-- Who is depicted?
We do not have any idea which person it could be.
-- Technical/Specification about the statue
A bust is a sculpted or cast representation of the upper part of the human figure, depicting a person's head and neck, and a variable portion of the chest and shoulders. The piece is normally supported by a plinth. These forms recreate the likeness of an individual. These may be of any medium used for sculpture, such as marble, bronze, terracotta or wood. A parallel term, aust, is a representation of the upper part of an animal or mythical creature.
Sculptural portrait heads from classical antiquity are sometimes displayed as busts. However, these are often fragments from full-body statues, or were created to be inserted into an existing body.
-- More about the artist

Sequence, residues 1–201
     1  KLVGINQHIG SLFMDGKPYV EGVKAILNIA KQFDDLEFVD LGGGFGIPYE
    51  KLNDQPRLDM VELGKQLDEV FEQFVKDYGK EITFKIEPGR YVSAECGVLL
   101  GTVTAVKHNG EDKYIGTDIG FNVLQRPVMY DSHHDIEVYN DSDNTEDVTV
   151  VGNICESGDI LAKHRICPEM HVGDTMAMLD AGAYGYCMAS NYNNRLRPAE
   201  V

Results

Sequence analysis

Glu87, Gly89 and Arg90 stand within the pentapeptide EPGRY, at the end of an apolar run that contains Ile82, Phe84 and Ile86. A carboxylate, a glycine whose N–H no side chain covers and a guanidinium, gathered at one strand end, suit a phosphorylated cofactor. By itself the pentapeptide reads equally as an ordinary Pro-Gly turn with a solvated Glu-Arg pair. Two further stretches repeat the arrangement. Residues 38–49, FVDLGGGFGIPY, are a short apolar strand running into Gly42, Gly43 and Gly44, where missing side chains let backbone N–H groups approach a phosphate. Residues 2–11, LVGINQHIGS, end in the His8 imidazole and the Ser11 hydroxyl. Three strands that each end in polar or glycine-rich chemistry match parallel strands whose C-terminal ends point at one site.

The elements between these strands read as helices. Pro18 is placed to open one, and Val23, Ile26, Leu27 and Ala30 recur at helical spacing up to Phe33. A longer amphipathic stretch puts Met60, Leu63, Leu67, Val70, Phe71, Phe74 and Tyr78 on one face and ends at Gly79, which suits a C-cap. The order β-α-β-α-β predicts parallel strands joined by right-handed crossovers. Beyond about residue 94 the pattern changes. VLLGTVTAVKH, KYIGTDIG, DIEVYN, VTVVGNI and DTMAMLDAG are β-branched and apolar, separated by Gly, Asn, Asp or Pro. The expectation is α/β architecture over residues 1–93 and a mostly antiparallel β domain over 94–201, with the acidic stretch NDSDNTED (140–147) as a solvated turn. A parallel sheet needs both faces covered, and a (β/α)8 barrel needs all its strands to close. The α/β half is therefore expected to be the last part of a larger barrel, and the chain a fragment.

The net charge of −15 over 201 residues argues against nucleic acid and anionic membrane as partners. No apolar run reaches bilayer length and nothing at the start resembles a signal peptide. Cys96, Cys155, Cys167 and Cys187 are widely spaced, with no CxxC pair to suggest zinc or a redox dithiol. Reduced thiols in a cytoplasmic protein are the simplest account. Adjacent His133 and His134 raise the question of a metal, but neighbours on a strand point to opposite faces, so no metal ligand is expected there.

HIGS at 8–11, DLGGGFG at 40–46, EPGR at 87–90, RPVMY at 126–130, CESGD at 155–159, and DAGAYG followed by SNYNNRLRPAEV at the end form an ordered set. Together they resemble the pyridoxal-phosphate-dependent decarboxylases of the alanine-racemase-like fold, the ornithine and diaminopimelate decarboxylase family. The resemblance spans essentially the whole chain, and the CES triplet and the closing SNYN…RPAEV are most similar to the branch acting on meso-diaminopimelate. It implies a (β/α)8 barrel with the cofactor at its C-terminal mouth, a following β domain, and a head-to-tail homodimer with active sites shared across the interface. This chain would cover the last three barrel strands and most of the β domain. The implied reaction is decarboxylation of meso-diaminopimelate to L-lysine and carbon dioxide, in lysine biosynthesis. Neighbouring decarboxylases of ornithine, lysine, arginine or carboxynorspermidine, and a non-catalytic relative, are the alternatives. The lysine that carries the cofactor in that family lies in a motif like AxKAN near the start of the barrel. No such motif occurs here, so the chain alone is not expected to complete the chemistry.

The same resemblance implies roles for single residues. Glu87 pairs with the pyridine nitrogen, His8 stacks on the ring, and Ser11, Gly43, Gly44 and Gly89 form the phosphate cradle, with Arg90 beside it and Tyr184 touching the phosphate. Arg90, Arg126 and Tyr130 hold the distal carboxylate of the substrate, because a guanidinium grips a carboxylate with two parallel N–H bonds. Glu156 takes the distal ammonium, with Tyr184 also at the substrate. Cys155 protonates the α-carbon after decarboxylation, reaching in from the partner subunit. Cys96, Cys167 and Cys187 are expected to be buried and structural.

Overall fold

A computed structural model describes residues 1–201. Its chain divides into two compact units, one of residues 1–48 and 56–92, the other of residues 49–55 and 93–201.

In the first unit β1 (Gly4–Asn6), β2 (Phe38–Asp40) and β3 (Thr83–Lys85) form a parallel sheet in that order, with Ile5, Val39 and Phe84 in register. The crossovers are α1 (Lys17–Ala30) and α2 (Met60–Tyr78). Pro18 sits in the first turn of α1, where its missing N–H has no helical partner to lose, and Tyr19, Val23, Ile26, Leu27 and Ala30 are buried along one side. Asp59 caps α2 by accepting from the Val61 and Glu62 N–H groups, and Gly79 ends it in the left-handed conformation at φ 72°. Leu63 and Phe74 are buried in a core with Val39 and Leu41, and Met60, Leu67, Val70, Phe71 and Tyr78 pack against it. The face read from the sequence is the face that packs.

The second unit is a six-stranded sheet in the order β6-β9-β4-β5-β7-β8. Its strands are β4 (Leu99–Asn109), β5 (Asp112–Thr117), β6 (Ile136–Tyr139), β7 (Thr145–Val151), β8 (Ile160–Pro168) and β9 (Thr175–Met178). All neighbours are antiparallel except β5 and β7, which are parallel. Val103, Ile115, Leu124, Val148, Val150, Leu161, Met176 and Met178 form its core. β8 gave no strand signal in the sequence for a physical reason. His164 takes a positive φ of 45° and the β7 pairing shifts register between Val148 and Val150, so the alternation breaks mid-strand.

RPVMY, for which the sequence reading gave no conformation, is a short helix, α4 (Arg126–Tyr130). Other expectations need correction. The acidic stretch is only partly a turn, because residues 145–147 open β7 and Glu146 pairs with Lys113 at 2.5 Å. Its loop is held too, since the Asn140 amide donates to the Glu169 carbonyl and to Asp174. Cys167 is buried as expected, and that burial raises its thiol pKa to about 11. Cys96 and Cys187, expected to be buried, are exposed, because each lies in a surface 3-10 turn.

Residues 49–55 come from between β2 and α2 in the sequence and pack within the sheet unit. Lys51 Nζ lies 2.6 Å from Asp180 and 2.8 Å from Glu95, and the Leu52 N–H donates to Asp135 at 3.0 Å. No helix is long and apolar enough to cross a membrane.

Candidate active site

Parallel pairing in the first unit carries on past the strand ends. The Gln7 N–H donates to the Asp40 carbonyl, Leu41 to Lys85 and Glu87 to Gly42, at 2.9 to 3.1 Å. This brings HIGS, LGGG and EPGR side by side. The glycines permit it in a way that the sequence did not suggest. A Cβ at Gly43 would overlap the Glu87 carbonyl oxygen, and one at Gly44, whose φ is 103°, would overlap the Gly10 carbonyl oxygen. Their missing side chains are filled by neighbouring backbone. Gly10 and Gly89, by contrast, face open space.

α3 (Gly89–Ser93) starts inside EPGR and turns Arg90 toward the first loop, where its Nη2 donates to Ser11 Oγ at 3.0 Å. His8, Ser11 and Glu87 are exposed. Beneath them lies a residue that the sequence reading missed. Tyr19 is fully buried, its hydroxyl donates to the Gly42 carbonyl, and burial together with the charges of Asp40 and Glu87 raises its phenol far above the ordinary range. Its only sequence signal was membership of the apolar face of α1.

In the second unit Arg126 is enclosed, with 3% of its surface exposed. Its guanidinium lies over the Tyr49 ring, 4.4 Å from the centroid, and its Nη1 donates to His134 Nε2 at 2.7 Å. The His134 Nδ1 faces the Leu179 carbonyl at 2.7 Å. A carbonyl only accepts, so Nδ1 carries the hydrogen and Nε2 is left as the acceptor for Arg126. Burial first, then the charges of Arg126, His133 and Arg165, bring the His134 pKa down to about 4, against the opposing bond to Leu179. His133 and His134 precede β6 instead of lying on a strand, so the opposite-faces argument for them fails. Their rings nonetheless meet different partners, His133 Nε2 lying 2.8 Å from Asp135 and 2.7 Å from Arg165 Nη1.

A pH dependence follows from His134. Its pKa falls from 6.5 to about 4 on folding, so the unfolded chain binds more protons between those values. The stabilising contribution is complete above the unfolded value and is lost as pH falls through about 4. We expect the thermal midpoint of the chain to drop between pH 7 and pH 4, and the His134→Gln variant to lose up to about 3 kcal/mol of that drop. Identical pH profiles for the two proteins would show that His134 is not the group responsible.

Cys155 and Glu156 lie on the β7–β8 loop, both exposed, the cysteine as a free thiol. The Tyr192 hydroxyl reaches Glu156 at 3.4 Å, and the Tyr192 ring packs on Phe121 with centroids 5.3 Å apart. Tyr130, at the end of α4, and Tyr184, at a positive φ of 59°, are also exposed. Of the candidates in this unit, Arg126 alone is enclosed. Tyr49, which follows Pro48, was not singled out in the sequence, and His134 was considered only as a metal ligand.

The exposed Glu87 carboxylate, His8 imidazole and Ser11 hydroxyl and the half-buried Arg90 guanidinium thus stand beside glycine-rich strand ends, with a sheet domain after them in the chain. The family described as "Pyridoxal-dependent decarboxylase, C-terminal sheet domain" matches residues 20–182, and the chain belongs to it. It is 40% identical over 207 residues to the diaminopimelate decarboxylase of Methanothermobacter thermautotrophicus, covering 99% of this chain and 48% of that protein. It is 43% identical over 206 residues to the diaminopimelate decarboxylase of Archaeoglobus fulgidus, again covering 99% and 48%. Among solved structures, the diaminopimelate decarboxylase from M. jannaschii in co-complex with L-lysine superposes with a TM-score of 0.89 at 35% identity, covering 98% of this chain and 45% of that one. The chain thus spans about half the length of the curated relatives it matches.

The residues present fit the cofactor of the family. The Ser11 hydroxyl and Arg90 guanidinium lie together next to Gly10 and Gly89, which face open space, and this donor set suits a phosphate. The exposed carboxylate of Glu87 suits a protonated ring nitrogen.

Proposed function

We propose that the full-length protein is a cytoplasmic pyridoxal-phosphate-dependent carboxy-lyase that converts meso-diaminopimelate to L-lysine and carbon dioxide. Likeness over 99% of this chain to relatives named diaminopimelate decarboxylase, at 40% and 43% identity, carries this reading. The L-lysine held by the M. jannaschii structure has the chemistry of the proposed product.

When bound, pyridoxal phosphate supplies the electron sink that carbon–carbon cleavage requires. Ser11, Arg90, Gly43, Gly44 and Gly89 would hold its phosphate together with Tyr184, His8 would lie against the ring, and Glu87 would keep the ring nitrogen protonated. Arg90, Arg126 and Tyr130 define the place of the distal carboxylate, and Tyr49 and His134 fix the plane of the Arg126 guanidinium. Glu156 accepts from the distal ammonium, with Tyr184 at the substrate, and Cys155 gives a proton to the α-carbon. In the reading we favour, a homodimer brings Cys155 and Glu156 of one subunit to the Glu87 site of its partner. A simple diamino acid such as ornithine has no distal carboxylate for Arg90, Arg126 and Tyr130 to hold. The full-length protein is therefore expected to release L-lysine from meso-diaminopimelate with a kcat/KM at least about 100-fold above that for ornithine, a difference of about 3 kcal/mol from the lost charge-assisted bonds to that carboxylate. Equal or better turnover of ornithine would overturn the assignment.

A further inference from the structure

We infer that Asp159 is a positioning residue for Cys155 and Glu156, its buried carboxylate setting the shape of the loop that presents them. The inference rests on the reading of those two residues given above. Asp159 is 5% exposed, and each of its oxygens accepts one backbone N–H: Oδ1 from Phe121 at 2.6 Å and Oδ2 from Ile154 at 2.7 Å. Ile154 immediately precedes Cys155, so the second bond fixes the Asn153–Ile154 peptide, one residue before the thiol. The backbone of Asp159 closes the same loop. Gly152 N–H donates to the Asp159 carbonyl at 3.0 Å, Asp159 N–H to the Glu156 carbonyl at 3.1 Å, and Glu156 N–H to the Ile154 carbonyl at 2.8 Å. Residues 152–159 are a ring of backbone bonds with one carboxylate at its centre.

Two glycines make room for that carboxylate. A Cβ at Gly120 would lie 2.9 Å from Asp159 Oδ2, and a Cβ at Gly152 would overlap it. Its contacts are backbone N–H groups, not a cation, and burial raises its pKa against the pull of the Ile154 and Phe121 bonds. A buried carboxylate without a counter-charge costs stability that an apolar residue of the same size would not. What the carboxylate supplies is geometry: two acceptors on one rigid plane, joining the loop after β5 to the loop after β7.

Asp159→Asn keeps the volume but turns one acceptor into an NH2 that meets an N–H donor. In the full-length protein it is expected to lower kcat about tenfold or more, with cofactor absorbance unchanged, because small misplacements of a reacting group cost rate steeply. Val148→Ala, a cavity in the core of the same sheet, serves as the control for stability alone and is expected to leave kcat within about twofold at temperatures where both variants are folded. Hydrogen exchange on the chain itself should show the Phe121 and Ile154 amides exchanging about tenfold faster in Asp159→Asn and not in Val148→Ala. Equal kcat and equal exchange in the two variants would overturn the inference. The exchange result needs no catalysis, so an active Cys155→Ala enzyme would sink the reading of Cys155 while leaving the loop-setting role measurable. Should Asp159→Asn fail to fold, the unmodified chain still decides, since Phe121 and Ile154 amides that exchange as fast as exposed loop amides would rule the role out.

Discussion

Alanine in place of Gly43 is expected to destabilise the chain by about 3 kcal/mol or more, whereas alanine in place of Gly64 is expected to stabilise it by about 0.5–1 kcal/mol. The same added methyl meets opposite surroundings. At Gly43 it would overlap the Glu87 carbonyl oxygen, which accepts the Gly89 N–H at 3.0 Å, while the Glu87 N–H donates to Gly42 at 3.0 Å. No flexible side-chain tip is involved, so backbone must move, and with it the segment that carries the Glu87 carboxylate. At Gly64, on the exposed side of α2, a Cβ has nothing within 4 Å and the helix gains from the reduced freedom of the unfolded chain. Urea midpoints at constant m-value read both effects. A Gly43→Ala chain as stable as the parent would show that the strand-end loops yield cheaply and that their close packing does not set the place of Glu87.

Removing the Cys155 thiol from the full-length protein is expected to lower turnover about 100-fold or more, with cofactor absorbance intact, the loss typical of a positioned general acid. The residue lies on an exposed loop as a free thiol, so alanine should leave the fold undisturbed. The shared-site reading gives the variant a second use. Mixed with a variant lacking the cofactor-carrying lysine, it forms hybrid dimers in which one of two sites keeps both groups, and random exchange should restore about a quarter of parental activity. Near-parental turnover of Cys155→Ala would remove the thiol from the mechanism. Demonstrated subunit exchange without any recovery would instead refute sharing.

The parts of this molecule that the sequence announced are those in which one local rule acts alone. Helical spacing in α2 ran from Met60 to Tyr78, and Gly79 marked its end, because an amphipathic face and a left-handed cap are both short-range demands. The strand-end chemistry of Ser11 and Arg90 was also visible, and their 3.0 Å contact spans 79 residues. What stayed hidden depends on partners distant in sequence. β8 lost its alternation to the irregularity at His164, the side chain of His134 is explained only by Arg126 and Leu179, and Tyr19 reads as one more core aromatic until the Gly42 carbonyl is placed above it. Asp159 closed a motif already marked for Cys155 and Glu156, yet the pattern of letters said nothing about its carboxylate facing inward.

Sculptor, master of portrait and the author of monumental works. Born into a peasant family. From 1892-1896 studied at the MSPSA under S.I.Ivanov and S.M.Volnukhin. Graduated from the School as a unclassed artist. In 1897 he was awarded the "S.M.Tretyakov award" and set off for Europe visiting Germany, France and Italy. In 1898 he returned to Russia and produced the statue "The Stone Breaker" (1898) for which he won a grand silver medal a year later. From 1899-1902 he studied at the Higher Art School a filial of the Academy of Arts in St. Petersburg in V.A. Beklemishev’s studio. As a result of a dispute with his teacher he produced his graduation work independently, which was entitled "Samson Breaking His Ties". It infuriated the Academy’s Council and the statue was destroyed in 1905 (reproduced in the journal Mir Iskusstva in 1902), however he still received his art-sculptor degree. He worked and lived in Moscow from 1902 -1923. He took part in the 1905 revolution leading a military unit. In 1908 he became a member of the New Society of Artists, in 1909 a member of the Union of Russian Artists and in 1917 – a member of the World of Art group. From 1912-1913 he worked in Greece and Egypt. He taught at the All-Russia Art and Technology Workshops between 1918-1922. In 1923 he was part of an art exhibition which travelled to New York, he did not return to Russia. From 1924 until 1945 he worked and lived in the USA and Italy. In 1945 he returned to Moscow receiving a triumphant welcome. He wrote novels of his reminiscences entitled "My Age" (1971), "The Earth and the People" (1968) and "Floor to the Young" (1958). In 1954 he became a full member of the Academy of Arts of the USSR, in 1958 a People’s Artist of the USSR and in 1964 a the Hero of Socialist Labour. S.T.Konenkov was inspired by Russian folklore and ancient mythology. The sculptor’s creative work appears to focus on the main trends in Russian plastic arts of the late 19th– early 20th centuries. Social problems are present in his work (The Stone Breaker, 1898) and elements from folklore and fairytales (The Slav, 1906). The work he produced was influenced by antique art combined with the classical idealism of images and dramatism fundamental to the interpretation of mankind during the early 20th century (The Girl, 1914). His wood sculptures date back to the 1900’s, and were created in the spirit of primitive art, where the texture of the wood plays a remarkable role. The feeling for the material is one of the distinguishing features in Konenkov’s art. He was able to relay the colour and the rich variety of texture: the warmth of the living body, soft folds in garments, the roughness of the wooden base, from which thepagan Slavonic god Stribog or an amusing wood sprite might appear